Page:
This is a literary study of the seventeenth-century pamphlets and sermons delivered to the Long Parliament by Stephen Marshall, a leading English Puritan. Marshall was known as preacher to the Long Parliament and for his participation in the further reformation of the English Church in the 1640s. His understanding of the role of civil magistracy was deeply rooted in his concept of the ?English Reformation.? He was convinced that the constitutional changes during the sixteenth-century English Reformation defined the role of civil magistrates. The King became the ?Supreme Head of the English Church, ? and the civil magistracy consisting of ?King-or-Queen-in Parliament? had the responsibility to spearhead the reformation of the English Church. He also insisted that restoring godly preaching and teaching in every local church would eventually complete the English Reformation. Marshall also argued that the Henrician schism paved the way for England to become a ?Christian Commonwealth where the Church is lodged, ? whose characteristic was the unity among the people of God. This implied that in England, Presbyterians, Independents, and Erastians all belonged to one body of Jesus Christ, the ?Head of the Church.? In a Christian Commonwealth, civil magistracy was a divine institution and had the highest power of ordering and governing the church, according to Marshall. It was the civil magistracy's responsibility to protect and to take care of God's people in all godliness. And in order to do so, magistrates should be rightly informed from the Word of God. Though Marshall showed his opposition to King Charles I's political innovation that precipitated an unfortunate war in 1642, his vision of a Christian Commonwealth where English magistracy consisting of the ?King-or-Queen-in-Parliament? did not change. If the king could be persuaded to agree with the ecclesiastical reform Puritans proposed through Parliament, he would still be an instrument of reform.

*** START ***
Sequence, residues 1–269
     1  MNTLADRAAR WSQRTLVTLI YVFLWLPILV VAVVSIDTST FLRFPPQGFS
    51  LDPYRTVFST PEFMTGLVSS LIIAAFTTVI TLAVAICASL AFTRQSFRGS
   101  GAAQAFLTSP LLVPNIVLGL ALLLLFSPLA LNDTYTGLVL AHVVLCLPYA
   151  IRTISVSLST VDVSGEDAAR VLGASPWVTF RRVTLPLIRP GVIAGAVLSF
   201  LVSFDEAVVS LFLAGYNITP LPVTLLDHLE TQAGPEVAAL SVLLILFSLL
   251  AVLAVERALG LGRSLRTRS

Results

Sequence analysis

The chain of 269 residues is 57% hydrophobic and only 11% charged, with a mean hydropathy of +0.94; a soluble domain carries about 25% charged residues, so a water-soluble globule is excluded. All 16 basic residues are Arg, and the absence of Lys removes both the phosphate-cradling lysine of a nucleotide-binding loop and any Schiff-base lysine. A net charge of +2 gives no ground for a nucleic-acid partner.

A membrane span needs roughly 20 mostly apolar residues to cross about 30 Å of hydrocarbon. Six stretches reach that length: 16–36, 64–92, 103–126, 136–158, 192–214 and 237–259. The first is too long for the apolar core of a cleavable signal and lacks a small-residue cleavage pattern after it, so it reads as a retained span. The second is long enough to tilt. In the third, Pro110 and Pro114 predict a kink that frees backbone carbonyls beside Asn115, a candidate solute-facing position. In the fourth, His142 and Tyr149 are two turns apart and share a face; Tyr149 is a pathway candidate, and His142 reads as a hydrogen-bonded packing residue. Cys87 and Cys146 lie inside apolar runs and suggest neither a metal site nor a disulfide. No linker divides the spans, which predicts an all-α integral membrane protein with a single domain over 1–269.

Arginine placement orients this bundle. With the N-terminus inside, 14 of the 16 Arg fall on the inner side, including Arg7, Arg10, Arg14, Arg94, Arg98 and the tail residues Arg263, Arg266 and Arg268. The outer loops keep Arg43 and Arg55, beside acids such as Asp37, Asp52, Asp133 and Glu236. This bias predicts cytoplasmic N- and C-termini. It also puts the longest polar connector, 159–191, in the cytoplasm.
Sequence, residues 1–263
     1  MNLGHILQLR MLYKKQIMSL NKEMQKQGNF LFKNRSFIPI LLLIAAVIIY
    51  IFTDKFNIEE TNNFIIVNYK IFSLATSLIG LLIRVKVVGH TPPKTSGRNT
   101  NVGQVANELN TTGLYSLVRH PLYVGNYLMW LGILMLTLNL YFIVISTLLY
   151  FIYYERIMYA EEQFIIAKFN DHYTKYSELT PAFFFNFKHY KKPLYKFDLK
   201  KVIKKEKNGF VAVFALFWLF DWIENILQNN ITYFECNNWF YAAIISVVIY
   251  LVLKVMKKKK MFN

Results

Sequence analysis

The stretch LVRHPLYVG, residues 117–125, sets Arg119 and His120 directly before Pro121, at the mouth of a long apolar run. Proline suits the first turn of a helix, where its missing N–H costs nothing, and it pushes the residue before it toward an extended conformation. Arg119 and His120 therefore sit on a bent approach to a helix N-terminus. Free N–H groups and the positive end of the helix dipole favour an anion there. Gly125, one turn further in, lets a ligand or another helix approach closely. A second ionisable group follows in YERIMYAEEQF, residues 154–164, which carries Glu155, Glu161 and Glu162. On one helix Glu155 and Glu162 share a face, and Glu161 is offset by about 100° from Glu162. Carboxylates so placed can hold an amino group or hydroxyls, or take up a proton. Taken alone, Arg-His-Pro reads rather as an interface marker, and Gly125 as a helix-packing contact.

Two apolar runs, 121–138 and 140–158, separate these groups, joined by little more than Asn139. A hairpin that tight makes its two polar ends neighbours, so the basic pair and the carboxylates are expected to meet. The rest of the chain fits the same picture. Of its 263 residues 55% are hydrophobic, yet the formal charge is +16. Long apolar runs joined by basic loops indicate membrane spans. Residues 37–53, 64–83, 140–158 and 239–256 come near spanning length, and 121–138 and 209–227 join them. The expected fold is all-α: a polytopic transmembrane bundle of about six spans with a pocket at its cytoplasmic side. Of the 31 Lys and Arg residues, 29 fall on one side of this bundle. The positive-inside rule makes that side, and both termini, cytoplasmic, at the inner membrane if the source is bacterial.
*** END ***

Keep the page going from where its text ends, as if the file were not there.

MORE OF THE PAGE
Title English reformation to the fall of Poland